WASHINGTON (AP) -- Al-Qaida's top bombmaker raised his game, officials believe, by following his miss on a crowded U.S.-bound passenger jet last Christmas with four times more explosives packed into bombs hidden last week on flights from Yemen.
The two bombs contained 300 and 400 grams of the industrial explosive PETN, according to a German security official, who briefed reporters Monday in Berlin on condition of anonymity in line with department guidelines. By comparison, the bomb stuffed into a terrorist suspect's underwear on the Detroit-bound plane contained about 80 grams.
Early forensics on the two bombs packed inside computer printer cartridges point to Ibrahim al-Asiri, the master bomb maker for the Yemen-based group known as al-Qaida in the Arabian Peninsula.
"It shows that they are trying to again make different types of adaptations based on what we have put in place," said John Brennan, President Barack Obama's counterterrorism adviser. "So the underwear bomber, as well as these packages, are showing sort of new techniques on their part. They are very innovative and creative."
Al-Qaida's propaganda machine remained unusually silent about the attacks Monday as U.S. counterterrorism officials looked for new ways to root out the Yemen-based group. Its members number about 300 people hidden in an area of rugged, desert twice the size of Wyoming.
U.S. counterterrorism teams headed for Yemen to hunt for suspects in a plot that revealed security gaps in the worldwide shipping network and reminded the West that al-Qaida was constantly looking to exploit those gaps.
With the U.S. already deeply involved in Yemen's fight against terrorism, it was not immediately obvious how to effectively increase military and intelligence efforts in the impoverished country.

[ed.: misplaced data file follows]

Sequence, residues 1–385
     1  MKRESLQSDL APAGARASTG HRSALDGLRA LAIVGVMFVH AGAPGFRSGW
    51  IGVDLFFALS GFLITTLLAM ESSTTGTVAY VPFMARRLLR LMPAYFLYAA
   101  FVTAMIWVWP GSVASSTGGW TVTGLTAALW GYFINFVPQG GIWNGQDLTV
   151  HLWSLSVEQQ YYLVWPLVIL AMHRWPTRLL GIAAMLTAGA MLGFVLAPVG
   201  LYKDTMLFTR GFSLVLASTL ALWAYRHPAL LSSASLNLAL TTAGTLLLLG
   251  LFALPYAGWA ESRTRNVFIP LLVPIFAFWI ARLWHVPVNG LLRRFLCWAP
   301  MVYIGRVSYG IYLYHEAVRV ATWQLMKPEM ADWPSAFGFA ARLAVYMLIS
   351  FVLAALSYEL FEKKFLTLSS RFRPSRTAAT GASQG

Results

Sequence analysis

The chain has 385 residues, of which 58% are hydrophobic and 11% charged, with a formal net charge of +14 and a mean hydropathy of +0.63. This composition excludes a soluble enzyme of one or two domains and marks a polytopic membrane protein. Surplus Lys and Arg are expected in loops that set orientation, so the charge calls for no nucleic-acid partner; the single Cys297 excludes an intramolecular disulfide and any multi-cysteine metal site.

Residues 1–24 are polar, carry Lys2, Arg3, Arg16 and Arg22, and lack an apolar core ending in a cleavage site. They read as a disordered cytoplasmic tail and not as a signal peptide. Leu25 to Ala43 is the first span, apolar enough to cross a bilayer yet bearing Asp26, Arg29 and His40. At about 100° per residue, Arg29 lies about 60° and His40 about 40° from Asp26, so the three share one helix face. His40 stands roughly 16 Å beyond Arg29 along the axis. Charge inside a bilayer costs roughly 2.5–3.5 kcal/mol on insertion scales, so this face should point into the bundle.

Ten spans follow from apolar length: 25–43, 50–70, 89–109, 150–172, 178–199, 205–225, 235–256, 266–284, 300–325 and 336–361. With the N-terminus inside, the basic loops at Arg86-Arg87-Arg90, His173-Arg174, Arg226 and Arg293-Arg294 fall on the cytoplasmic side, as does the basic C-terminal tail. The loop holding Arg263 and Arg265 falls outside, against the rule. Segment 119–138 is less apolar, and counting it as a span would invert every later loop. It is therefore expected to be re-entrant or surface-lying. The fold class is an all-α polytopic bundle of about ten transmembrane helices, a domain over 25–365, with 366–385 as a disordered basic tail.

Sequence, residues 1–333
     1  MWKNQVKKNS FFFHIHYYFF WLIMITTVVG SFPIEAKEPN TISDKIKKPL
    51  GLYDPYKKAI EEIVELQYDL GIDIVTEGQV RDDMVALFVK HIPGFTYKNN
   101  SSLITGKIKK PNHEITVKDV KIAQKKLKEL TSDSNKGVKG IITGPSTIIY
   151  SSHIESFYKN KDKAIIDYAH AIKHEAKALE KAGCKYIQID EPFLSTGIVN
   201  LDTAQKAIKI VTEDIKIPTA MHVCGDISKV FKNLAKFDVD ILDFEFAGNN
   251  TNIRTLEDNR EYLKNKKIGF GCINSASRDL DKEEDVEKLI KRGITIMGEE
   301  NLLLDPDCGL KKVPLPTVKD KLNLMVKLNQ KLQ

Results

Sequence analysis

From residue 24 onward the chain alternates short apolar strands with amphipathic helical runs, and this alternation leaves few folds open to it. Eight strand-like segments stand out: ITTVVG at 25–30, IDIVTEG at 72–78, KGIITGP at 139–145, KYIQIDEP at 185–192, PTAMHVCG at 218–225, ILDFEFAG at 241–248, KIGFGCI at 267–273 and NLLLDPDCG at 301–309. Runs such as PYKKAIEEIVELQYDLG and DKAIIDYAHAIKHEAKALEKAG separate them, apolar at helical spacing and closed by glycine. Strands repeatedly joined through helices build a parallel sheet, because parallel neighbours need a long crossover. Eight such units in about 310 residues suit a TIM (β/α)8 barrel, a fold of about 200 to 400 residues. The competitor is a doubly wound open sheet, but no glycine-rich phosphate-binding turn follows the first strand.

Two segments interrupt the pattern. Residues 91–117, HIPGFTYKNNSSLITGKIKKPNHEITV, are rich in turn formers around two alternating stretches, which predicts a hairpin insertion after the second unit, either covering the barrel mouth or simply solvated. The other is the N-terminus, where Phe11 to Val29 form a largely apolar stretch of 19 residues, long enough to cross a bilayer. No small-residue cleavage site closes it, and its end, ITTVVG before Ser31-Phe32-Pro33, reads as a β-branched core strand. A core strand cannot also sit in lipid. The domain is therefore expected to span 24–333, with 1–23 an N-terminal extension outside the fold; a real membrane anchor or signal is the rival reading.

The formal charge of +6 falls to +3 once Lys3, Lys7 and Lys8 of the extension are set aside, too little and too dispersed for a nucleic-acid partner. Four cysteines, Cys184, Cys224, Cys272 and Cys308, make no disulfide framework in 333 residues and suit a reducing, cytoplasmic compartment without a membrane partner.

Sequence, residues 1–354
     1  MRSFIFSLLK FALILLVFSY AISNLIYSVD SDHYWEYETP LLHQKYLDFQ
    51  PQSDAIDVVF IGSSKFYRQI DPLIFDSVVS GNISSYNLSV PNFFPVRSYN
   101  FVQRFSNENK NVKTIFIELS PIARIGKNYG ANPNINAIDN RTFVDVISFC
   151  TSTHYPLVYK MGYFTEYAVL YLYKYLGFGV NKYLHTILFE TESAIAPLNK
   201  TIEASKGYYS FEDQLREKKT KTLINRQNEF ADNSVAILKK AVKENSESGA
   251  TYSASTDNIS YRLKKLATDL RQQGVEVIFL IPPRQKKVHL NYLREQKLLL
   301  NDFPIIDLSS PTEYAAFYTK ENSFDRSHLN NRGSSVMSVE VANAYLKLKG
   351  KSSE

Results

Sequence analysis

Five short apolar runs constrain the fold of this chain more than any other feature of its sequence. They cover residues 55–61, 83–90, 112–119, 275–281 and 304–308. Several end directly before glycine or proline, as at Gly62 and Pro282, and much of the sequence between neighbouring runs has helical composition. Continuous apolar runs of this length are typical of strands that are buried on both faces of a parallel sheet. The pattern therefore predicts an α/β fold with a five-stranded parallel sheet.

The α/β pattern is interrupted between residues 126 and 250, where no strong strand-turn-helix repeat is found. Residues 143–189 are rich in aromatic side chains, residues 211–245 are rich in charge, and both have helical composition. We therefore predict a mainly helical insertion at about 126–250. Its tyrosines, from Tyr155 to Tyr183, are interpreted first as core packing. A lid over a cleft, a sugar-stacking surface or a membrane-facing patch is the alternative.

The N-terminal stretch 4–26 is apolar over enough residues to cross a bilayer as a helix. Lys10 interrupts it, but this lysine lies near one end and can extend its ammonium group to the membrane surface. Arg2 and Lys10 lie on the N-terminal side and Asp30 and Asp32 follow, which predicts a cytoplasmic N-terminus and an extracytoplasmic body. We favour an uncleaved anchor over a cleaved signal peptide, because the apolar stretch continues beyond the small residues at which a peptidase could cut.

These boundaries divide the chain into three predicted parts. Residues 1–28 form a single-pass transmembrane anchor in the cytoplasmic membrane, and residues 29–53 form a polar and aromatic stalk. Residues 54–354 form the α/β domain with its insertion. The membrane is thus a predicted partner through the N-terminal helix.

The U.S. and its allies Monday further tightened scrutiny of shipments from Yemen. U.S. counterterrorism officials warned police and emergency personnel to be on the watch for mail with characteristics that could mean dangerous substances are hidden inside.
And Germany's aviation authority extended its ban on air cargo from Yemen to include passenger flights. Britain banned the import of larger printer cartridges by air on Monday as it also announced broader measures to halt air cargo from Yemen and Somalia following the ink cartridge bomb plot.
Yemeni authorities on Monday continued to hunt for suspects tied to the mail bomb plot, but a young woman arrested soon after the attacks were thwarted was released. Investigators there said someone had stolen her identity and used it to mail the package.
U.S. and British officials said they believed planes were the targets, not the two Chicago-area synagogues named on the addresses. Exactly how the bombs would have worked, however, remains a focus of investigators. One package was wired to a timer. A second was wired to a cell phone.
Activating a bomb by cell phone while a plane is in midair is unreliable because cell service is spotty or nonexistent at high altitudes. Further complicating the plot, it be would unlikely for terrorists in Yemen to know which planes the bombs had been loaded onto and when they were airborne.
With U.S.-bound cargo out of Yemen temporarily frozen, Transportation Security Administration chief John Pistole said Monday the U.S. would provide Yemen with new screening equipment for cargo. Yemen has promised to step up its security at airports.
The U.S. had been monitoring intelligence on an al-Qaida mail bomb plot for days when a specific tip came in from Saudi Arabia, identifying tracking numbers for the packages. A Yemeni official, speaking on condition of anonymity to discuss the ongoing investigation, identified Jabir al-Fayfi, a Saudi militant who had joined al-Qaida in Yemen, as the tipster.
It's unclear, however, what level of detail al-Fayfi provided. He was captured in Yemen last month and was turned over to the Saudis before the packages were mailed, making it unlikely he would have known the tracking numbers.
Nobody, including the Internet-savvy al-Qaida group in Yemen, has taken credit for the failed attack. Jihadist Web sites contained numerous messages praising the attempted bombing but nothing official from the group's leadership. The group claimed credit for the Christmas attack three days later.